The Waning Moon and New Moon in November/December is a good time for renewal pruning of any deciduous trees and shrubs. If the weather is too wet or cold, you can move this task to January or even February. But make sure you have pruned back your deciduous specimen by the beginning of March.

There are two ways to prune:

Method 1 – the slow pruning option:

Before you start to ‘butcher’ your plants, stand back and have a good look. Some may need a radical prune (see section below), but most plants just need to get ‘back into shape’ and a ‘soft prune’ will just do that.

Deciduous shrubs and trees respond particularly well to this method, but it can also be used for evergreens.

First cut out old branches and stems that are too crowded. You can prune them back right to the main stem. Following that prune the rest of the bush/tree into a reasonable shape. Depending how fast the plant grows, take off a quarter to a third of its length. This ‘modest’ pruning method will make sure that the bush rejuvenates over a few years. But whilst this rejuvenation happens, you will still look out on a decent plant in your garden. This way of pruning is also a sensible option for very slow growing specimens.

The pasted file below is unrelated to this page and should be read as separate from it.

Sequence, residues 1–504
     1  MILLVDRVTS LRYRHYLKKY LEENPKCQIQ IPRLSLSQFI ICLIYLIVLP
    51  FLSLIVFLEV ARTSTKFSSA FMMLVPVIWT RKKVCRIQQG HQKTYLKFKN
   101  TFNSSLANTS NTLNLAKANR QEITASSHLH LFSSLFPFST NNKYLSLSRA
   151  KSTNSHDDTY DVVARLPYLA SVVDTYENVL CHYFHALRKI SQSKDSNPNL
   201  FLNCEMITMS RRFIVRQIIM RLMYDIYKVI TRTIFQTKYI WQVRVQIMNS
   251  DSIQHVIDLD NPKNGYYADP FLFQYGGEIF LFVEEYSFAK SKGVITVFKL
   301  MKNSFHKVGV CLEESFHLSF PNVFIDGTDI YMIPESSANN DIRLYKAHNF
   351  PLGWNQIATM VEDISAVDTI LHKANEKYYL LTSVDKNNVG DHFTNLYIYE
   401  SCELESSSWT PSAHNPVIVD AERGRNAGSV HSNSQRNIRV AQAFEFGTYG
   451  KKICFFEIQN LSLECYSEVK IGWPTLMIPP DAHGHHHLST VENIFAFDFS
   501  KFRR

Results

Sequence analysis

The other alternative is more radial.

Method 2 – radical pruning option

If you have inherited a totally overgrown or neglected garden, you may wish to prune all plants back to the ground and start from afresh. This method is advisable if a plant is fast growing (although be careful, the more you prune, the quicker the plant will grow back) and if a plant looks very old, tired or even ill. Sometimes a radical pruning session at New Moon is the best option to let a plant spring back into life again. I once had an old holly bush that, due to a burst pipe at a neighbour’s property it had been waterlogged for a while. As a consequence it had lost all its leaves and quite frankly looked dead. So I decided to give it a final go. At the next New Moon I pruned back all side shoots and also chopped a third off the top.

At first nothing happened. But as soon I decided to chop it down completely, a few light-green shoots appeared. Now it is back again to its full old glory and a real focal point in our garden.